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Hoffmann, R. A wiki for the life sciences where authorship matters. Nature Genetics (2008)
 
 
 
 
 

Odorant-specific spatial patterns in mucosal activity predict perceptual differences among odorants.

1. Using operant techniques, rats were trained to differentially report (i.e., identify) the odorants propanol, carvone, citral, propyl acetate, and ethylacetoacetate. After acquisition training, the animals were tested using a 5 x 5 confusion matrix design. The results of the behavioral tests were used to measure the degree of perceptual dissimilarity between any pair of odorants. These dissimilarity measures were then subjected to multidimensional scaling analysis to establish a two-dimensional perceptual odor space for each rat. 2. At the completion of behavioral testing, the fluorescence changes in the dye di-4-ANEPPS were monitored on the rat's nasal septum and medial surface of the turbinates in response to the same odorants. For each mucosal surface a 6.0 x 6.0 mm area was sampled at 100 contiguous sites with a 10 x 10 photodiode array. 3. Formal statistical analysis indicated a highly significant predictive relationship between the relative position of an odorant's mucosal loci of maximal activity or "hot spot" and the relative position of the same odorant in a psychophysically determined perceptual odor space (F = 15.6, P < 0.001). 4. The results of this study suggest for the first time that odorant-induced mucosal activity patterns serve as the substrate for the perception of odorant quality.[1]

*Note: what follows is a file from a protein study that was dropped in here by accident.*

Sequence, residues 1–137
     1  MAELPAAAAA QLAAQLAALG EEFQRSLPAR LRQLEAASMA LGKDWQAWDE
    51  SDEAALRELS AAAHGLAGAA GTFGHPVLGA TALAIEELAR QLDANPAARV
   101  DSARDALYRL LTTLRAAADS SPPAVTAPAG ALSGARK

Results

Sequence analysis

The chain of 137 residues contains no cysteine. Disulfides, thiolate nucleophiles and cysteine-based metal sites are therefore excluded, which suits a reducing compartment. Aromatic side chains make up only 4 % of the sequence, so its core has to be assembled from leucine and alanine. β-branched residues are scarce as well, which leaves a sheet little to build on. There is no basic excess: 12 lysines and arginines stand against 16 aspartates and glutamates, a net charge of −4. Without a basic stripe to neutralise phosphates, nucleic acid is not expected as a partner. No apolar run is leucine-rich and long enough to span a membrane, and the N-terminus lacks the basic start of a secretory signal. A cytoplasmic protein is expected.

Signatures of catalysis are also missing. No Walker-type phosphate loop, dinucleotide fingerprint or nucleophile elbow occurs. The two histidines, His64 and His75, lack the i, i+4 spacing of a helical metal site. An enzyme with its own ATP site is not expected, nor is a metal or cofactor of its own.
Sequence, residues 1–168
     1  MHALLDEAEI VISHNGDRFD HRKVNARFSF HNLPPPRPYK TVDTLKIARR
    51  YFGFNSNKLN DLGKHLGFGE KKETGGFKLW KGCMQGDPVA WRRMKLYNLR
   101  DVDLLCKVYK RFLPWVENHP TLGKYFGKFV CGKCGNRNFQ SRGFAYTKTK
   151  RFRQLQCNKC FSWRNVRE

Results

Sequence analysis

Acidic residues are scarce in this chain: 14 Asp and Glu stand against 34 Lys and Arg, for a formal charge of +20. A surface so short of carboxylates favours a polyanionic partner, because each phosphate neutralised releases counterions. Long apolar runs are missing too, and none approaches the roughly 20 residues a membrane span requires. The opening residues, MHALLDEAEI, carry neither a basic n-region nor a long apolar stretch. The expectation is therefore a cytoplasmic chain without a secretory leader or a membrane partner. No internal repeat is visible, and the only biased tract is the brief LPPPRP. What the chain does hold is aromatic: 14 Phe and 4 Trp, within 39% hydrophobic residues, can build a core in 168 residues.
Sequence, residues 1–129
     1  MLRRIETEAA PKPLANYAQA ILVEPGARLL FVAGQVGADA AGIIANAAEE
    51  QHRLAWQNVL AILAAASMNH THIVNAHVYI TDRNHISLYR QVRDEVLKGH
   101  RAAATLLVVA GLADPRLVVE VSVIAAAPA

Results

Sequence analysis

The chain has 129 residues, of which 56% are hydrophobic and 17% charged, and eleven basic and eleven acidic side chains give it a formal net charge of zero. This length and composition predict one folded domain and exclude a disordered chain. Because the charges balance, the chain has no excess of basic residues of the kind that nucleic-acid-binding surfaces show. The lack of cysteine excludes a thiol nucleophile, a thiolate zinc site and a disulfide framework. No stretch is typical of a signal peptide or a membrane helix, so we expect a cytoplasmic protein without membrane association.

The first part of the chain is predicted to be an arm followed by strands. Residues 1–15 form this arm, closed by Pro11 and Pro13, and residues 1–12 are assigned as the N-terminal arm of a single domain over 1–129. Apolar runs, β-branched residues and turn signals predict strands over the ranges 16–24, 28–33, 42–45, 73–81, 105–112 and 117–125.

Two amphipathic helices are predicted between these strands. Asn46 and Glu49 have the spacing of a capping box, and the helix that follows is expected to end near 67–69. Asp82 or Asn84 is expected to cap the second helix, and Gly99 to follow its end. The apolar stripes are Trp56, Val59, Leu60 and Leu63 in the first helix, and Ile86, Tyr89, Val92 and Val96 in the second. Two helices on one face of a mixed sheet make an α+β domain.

References

  1. Odorant-specific spatial patterns in mucosal activity predict perceptual differences among odorants. Kent, P.F., Youngentob, S.L., Sheehe, P.R. J. Neurophysiol. (1995) [Pubmed]
 
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